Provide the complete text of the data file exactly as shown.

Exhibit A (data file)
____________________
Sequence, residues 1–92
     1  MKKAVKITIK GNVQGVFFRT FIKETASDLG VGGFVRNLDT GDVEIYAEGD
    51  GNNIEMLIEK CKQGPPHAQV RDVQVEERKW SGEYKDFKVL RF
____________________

Sequence, residues 1–92
     1  MKKAVKITIK GNVQGVFFRT FIKETASDLG VGGFVRNLDT GDVEIYAEGD
    51  GNNIEMLIEK CKQGPPHAQV RDVQVEERKW SGEYKDFKVL RF